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Dip in Prison Population Continues Trend

The number of men and women being held in Texas prisons fell by more than one percent in 2014, a slight dip that continues a downward trend aided by new diversion programs and a reluctance by state lawmakers to add more prison beds.

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Prison populations in Texas — and the rest of the country— dropped slightly last year.

Counting all prisoners under the legal authority of the Texas Department of Criminal Justice, the state's prison population fell by more than 2,200 inmates, or 1.3 percent, between 2013 and 2014, according to new data from the U.S. Bureau of Justice Statistics. The decline was slightly larger than the national drop of one percent.

When 2014 ended, 166,043 prisoners were in TDCJ custody, the lowest number since 2002. It was the state's fourth largest annual decline in more than 35 years. (The largest drop came in 2012, when the population fell by nearly 6,000 prisoners from 2011.)

The small downward shift continues a trend that began in 2010, when the number of men and women held in Texas prisons peaked at 173,649. Doug Smith, a policy analyst at the Texas Criminal Justice Coalition, said the 1.3 percent change is significant.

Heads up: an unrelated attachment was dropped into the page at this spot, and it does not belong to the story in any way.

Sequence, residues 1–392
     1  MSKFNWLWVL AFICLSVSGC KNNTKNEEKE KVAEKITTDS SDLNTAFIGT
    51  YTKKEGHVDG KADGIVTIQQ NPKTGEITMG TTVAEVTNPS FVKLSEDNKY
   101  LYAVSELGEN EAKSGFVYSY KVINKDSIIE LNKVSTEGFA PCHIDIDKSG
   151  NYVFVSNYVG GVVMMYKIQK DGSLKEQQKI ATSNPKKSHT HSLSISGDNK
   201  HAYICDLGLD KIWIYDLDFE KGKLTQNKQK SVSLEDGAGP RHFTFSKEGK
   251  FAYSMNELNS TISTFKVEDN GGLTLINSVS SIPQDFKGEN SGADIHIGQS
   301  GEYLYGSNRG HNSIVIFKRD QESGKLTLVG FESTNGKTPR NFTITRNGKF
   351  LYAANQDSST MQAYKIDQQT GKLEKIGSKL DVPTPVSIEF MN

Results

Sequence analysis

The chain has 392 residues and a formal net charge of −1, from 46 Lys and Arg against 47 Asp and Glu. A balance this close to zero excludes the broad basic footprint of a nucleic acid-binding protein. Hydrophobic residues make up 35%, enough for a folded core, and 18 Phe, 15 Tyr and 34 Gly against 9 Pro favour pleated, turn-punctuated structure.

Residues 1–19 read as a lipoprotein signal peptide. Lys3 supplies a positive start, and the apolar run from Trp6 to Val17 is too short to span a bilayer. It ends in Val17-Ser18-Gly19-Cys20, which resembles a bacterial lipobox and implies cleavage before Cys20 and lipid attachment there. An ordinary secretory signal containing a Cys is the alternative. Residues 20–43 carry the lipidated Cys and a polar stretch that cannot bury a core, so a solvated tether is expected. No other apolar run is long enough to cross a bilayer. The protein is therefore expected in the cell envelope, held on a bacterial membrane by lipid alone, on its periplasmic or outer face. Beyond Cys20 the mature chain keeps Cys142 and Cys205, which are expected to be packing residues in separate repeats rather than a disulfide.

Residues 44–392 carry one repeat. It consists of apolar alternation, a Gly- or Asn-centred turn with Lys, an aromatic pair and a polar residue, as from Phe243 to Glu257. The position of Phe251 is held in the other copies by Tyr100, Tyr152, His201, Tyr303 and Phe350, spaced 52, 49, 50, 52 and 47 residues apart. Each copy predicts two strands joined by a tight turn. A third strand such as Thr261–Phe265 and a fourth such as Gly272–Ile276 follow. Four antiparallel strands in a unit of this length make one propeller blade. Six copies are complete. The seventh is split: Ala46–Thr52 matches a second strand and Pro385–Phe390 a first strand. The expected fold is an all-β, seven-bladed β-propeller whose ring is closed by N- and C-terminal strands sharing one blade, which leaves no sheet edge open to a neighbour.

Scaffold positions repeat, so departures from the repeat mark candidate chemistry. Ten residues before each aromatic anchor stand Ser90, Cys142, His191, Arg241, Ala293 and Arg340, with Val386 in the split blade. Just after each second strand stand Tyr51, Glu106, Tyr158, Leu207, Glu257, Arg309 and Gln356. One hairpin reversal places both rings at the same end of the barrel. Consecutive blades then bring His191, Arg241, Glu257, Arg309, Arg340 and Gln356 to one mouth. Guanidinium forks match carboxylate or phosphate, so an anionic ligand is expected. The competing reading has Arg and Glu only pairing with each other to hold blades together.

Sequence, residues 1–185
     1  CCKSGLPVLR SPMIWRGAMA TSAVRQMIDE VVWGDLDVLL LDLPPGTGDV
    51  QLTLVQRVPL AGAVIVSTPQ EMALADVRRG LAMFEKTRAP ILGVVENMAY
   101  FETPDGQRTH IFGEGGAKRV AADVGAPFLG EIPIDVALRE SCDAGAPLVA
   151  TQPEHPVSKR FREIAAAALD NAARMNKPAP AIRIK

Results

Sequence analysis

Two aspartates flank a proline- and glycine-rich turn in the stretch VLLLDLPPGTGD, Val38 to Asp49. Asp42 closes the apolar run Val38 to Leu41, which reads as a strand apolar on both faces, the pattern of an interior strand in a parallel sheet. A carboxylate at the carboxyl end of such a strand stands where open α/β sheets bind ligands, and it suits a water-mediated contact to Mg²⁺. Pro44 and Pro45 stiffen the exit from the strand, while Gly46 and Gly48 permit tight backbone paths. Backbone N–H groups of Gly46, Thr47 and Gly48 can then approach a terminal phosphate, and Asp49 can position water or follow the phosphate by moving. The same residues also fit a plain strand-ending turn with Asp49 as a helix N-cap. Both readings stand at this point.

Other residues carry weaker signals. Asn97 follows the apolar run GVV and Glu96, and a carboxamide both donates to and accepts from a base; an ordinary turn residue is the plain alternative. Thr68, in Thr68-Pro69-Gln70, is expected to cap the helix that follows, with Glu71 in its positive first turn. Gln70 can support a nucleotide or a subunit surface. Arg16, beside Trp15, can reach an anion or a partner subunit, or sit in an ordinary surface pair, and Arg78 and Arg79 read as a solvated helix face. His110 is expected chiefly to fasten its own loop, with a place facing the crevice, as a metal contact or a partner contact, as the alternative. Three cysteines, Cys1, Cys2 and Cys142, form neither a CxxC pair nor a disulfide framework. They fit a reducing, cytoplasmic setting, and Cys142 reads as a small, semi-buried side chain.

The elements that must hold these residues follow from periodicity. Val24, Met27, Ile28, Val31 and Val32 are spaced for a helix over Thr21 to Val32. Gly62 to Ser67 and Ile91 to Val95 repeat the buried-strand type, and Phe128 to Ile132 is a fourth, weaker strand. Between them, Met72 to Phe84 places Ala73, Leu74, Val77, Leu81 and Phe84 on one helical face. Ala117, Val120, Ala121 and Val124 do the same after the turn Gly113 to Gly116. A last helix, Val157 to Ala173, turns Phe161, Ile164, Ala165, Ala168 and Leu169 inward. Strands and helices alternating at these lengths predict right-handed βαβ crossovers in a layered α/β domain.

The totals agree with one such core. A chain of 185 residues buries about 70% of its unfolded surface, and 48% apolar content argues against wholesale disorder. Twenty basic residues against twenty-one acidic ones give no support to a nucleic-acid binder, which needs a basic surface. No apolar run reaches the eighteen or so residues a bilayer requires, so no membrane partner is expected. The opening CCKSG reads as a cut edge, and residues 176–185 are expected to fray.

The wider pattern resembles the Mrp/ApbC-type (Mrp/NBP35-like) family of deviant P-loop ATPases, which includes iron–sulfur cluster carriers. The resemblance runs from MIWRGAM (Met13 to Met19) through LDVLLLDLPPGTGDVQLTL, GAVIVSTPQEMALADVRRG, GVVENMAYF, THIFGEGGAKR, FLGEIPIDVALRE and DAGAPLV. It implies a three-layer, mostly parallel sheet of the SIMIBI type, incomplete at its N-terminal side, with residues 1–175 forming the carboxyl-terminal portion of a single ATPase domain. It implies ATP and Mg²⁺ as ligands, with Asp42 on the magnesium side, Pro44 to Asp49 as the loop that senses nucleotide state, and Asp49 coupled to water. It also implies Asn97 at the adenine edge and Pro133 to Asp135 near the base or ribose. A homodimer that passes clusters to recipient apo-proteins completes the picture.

“There’s nothing normal about decreases in prison populations in Texas,” Smith said.


Michele Deitch, a senior lecturer at the University of Texas at Austin’s law school and an attorney who has worked with criminal justice policy for decades, pointed to a “very concerted effort” by the Texas legislature to get the number down.

That included a series of diversionary treatment programs, drug courts and halfway houses launched in 2007, after lawmakers balked at spending $500 million to build and staff another 17,000 prison beds to accommodate rising populations.

Still, Texas remains the state with the largest prison population, and the fourth-highest rate of incarceration in the country — for every 100,000 adult Texans, 792 are in prison — behind Louisiana, Oklahoma and Alabama.

“Is it going down fast enough or far enough? Not at all,” Deitch said. “But we’re no longer on that same growth curve. You’ve got to see the bigger picture here.”

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Criminal justice Texas Department Of Criminal Justice